Every win pushes the agony a little further back into history. Every significant moment – the comeback against Florida, the domination of Auburn – quiets the anger just a little bit more.
Georgia has positioned itself to clinch the SEC East on Saturday against Kentucky in Athens. But of greater significance actually is what the program may be starting to show about the future.
The Bulldogs likely have four games remaining: Kentucky, Georgia Tech, the SEC championship and a bowl game. How they perform in those four will say a lot about where things are headed and to what extent the fan base can again become unified, as it was from Mark Richt’s arrival through 2007 – and until the “blackout” game against Alabama in 2008.
If the Dogs defeat Kentucky, it will secure a division title unlike any other under Richt. He won a conference championship in only his second season in 2002. He won the East again in 2003 (losing the SEC title game to LSU) and 2005 (this time beating LSU). But over the past few years, the good feelings had been eroding, losses had been increasing, doubt had been growing.
When Steve Spurrier punctuated his postgame comments following South Carolina’s win over Florida last week with, “We’ll see what Georgia does when they know they have to win,” it wasn’t the nonsensical ramblings from the SEC’s most notorious tweaker. Fact is, Spurrier had a point. The Bulldogs had something to prove.
The danger signs were far more widespread than Georgia coming off its first losing season under Richt (6-7). After a 4-0 start in 2008, the Bulldogs were drilled at home by Alabama — the black jerseys were quickly put back into a box –and went only 20-17 in their next 37 games (0-2 to start this year) and 12-12 in the SEC.
Through this season’s second-week loss at South Carolina, Georgia was 5-10 in its past 15 SEC games. It had lost not only to recent conference powers Alabama and Florida, but LSU, Tennessee, Kentucky, Arkansas, Mississippi State, Auburn and South Carolina (twice).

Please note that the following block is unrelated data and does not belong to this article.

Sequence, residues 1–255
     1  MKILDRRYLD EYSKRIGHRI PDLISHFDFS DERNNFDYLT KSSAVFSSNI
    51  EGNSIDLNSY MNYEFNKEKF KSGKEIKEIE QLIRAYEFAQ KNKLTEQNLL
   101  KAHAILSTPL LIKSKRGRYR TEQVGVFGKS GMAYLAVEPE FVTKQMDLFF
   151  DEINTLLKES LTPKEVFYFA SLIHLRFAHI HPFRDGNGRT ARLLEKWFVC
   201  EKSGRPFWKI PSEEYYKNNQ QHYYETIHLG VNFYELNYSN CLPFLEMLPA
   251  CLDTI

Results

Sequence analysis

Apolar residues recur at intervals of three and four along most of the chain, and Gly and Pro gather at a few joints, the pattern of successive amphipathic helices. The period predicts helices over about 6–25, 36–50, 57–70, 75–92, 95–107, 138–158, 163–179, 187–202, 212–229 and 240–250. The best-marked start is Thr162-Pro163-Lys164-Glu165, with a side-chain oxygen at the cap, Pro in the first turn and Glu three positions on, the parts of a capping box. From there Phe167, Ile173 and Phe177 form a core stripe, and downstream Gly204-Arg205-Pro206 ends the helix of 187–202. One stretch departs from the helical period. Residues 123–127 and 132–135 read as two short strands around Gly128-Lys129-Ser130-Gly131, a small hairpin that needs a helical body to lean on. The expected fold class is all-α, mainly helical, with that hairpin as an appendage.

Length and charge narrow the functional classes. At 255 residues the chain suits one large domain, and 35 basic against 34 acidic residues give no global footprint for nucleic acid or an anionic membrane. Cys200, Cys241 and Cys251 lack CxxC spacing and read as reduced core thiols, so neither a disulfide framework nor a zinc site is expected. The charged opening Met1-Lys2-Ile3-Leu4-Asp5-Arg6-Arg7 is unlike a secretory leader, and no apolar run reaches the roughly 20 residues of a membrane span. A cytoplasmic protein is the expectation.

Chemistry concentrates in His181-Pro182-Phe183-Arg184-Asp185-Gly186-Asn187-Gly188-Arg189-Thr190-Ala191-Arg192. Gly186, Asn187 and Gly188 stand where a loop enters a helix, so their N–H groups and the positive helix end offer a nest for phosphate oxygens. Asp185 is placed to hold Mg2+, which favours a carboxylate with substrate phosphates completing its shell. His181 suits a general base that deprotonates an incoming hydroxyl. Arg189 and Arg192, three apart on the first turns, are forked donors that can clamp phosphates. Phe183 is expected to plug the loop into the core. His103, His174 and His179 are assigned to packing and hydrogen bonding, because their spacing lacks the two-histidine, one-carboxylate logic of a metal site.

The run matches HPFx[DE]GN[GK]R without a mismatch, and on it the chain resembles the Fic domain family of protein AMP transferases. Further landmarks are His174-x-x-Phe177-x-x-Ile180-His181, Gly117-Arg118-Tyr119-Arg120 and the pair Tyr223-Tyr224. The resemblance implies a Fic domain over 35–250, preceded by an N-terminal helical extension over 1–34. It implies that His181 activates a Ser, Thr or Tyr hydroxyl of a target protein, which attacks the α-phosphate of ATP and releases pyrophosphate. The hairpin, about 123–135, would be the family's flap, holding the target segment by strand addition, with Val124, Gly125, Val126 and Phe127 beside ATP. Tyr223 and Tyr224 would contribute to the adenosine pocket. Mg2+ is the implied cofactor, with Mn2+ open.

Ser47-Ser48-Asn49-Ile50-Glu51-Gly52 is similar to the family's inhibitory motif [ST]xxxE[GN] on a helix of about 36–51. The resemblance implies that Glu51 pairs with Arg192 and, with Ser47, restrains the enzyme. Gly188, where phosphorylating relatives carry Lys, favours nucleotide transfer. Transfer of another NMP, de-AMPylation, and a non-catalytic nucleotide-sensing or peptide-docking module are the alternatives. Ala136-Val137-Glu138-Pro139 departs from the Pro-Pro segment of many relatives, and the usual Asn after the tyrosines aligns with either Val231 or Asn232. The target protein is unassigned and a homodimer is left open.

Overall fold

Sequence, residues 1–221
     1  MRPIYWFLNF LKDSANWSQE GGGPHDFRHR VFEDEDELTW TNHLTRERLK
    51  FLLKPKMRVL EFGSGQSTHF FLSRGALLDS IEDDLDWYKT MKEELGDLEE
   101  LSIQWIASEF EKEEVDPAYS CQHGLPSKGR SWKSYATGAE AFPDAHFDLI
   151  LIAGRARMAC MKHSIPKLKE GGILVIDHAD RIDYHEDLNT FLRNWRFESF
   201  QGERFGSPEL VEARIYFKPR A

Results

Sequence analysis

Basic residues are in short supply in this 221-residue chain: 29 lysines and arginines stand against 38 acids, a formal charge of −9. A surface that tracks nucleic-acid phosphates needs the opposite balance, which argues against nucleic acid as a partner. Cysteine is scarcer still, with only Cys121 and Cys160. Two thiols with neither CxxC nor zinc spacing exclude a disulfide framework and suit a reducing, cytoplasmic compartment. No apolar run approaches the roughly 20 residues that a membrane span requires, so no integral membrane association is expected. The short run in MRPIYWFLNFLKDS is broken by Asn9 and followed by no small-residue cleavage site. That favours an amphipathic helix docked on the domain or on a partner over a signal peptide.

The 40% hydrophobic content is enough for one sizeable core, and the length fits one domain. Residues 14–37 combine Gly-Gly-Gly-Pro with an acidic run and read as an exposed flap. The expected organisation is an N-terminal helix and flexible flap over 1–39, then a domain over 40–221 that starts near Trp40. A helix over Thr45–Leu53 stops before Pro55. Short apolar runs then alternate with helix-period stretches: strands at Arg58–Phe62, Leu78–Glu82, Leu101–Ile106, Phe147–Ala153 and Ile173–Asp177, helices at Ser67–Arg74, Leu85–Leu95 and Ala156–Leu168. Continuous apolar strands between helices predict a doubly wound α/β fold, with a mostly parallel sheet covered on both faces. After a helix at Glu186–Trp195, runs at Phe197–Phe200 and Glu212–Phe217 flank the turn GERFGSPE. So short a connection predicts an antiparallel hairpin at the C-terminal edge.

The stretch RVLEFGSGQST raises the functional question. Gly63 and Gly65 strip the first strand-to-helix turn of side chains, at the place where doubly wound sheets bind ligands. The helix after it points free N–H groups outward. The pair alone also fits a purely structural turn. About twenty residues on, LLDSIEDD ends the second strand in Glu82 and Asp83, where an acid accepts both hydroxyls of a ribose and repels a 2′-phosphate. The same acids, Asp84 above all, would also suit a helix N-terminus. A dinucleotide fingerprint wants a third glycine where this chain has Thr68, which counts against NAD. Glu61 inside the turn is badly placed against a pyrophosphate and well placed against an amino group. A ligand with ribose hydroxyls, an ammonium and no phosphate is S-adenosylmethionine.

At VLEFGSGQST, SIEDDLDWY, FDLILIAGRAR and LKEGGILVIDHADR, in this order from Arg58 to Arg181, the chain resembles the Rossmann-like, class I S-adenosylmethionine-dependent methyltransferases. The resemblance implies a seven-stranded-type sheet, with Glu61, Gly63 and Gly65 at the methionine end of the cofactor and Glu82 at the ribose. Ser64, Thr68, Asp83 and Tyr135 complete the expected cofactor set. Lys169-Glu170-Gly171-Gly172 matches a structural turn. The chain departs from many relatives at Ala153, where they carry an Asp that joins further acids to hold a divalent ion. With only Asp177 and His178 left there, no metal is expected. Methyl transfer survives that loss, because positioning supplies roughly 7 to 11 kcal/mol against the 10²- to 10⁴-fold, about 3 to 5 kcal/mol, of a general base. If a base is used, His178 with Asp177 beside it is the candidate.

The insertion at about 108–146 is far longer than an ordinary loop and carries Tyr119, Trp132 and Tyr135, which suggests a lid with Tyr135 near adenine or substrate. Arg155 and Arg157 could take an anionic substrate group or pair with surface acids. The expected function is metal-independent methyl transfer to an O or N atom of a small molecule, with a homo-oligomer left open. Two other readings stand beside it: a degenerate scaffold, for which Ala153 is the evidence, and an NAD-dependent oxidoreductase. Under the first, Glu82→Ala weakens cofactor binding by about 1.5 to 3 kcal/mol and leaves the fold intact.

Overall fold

The resulting perception: Georgia hadn’t only slipped on the national landscape – losing 10 of 12 to ranked teams — but also was falling dangerously behind the curve in the SEC.
That’s not even addressing losing to Colorado and Central Florida.
Is that all buried now? Maybe. It’s easy for skeptics to point out the East is weak, favored South Carolina imploded and the 2011 schedule lacked the SEC’s three toughest teams: LSU, Alabama and Arkansas. (Georgia plays at Alabama next season.) But an eight-game winning streak is remarkable under any circumstances, let alone in a season that began with losses to Boise State and South Carolina.
The Dogs found themselves trailing 17-3 in the second quarter to Florida. They came back to win 24-20.
They had struggled against ranked teams before last week, even modestly ranked ones like Auburn (No. 24 by AP). But they left no doubt, winning 45-7.
They are showing a toughness and resilience that has been missing in Athens.
Richt was pleasantly surprised this week when a scuffle broke out at practice Tuesday. “We had a very spirited practice,” he said. “We actually had to pull a couple of guys off each other.”
When is the last time you sensed that kind of hunger?
Aaron Murray is coming off his most impressive game of the season. The defense under Todd Grantham seems to get better each week and has risen to No. 4 in the nation. The Bulldogs are second only to LSU in the SEC (tied for eighth nationally) with a plus-9 turnover differential.
I think some folks have even pulled darts out of Mike Bobo’s picture.
When the season opened, Georgia looked disturbingly unprepared against Boise State. But Richt has succeeded in putting out fires, from the 0-2 start to the failed drug tests of three running backs to the postgame mess at Vanderbilt. He has dealt with the immaturity issues of Isaiah Crowell.
Players are responding to him. That’s more than half the battle in coaching.
All are positive signs for the future. This is Georgia’s chance to affirm this hasn’t been an aberration. With up to four remaining games, this is the Dogs’ chance to put all that preceded this winning streak far into the past.
By Jeff Schultz